Previous studies have demonstrated that locally administered cannabinoids attenuate allodynia and hyperalgesia through activation of peripheral cannabinoid receptors (CB(1) and CB(2)). However, it is currently unknown if cannabinoids alter the response properties of nociceptors. In the present study, correlative behavioral and in vivo electrophysiological studies were conducted to determine if peripheral administration of the cannabinoid receptor agonists arachidonyl-2'-chloroethylamide (ACEA) or (R)-(+)-methanandamide (methAEA) could attenuate mechanical allodynia and hyperalgesia, and decrease mechanically evoked responses of Adelta nociceptors. Twenty-four hours after intraplantar injection of complete Freund's adjuvant (CFA), rats exhibited allodynia (decrease in paw withdrawal threshold) and hyperalgesia (increase in paw withdrawal frequency), which were attenuated by both ACEA and methAEA. The antinociceptive effects of these cannabinoids were blocked by co-administration with the CB(1) receptor antagonist N-(piperidin-1-yl)-5-(4-iodophenyl)-1-(2,4-dichlorophen yl)-4-methyl-1H-pyrazole-3-carboxamide (AM251) but not with the CB(2) receptor antagonist 6-iodo-2-methyl-1-[2-(4-morpholinyl)ethyl]-1H-indol-3-y l](4-methoxyphenyl)methanone (AM630). ACEA and methAEA did not produce antinociception under control, non-inflamed conditions 24 h after intraplantar injection of saline. In parallel studies, recordings were made from cutaneous Adelta nociceptors from inflamed or control, non-inflamed skin. Both ACEA and methAEA decreased responses evoked by mechanical stimulation of Adelta nociceptors from inflamed skin but not from non-inflamed skin, and this decrease was blocked by administration of the CB(1) receptor antagonist AM251. These results suggest that attenuation of mechanically evoked responses of Adelta nociceptors contributes to the behavioral antinociception produced by activation of peripheral CB(1) receptors during inflammation.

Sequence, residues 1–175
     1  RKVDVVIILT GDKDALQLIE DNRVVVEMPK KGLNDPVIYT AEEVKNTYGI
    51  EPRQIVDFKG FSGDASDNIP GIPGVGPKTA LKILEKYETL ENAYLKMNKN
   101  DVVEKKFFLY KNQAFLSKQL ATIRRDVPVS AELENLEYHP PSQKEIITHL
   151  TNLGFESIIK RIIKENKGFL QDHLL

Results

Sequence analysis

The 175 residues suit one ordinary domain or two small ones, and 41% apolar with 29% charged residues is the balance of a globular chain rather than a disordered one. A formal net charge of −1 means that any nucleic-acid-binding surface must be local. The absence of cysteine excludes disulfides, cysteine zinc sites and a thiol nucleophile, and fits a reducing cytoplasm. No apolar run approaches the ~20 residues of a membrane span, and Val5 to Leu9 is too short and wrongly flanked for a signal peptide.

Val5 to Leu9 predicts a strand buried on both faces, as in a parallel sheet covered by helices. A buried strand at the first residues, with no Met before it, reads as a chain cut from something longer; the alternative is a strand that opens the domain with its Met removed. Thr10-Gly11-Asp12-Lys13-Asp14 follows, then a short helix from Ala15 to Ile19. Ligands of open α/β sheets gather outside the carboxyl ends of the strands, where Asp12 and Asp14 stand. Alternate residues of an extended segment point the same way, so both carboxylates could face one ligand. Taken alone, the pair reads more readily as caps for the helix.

View details for DOI 10.1152/jn.90809.2008
View details for Web of Science ID 000260795600030
View details for PubMedID 18784270
Animal models of cancer pain
2008; 58 (3): 220-233
The rostral ventromedial medulla (RVM) is an area of the brainstem involved in the descending modulation of nociception at the level of the spinal cord. Although the RVM is involved in the inhibition or facilitation of nociception, the underlying mechanisms are not understood. Here we examined the role of the neuropeptide substance P and neurokinin-1 (NK-1) receptors located in the RVM on withdrawal responses evoked by mechanical and heat stimuli applied to the rat hindpaw under normal conditions and during hyperalgesia produced by capsaicin. The mechanical withdrawal threshold was obtained using von Frey monofilaments applied to the plantar surface of the hindpaw. Sensitivity to heat was determined by measuring the latency to withdrawal from radiant heat applied to the plantar surface. Mechanical and heat hyperalgesia were defined as a decrease in withdrawal response threshold or latency, respectively. Rats were prepared with a chronic cannula and either vehicle or the NK-1 receptor antagonists, L-733,060 or RP-67580, was injected into the RVM. Paw withdrawal responses were obtained before and after RVM injection, and then at 5, 30, and 60 min after an intraplantar injection of capsaicin (10 microg). Injection of the NK-1 antagonists at doses of 0.5 pmol or higher did not alter withdrawal responses to mechanical or heat stimuli under normal conditions but reduced the duration of nocifensive behavior and the mechanical and heat hyperalgesia produced by capsaicin. These findings suggest that the activation of NK-1 receptors in the RVM contributes to the hyperalgesia produced by capsaicin.
View details for DOI 10.1016/j.pain.2008.02.032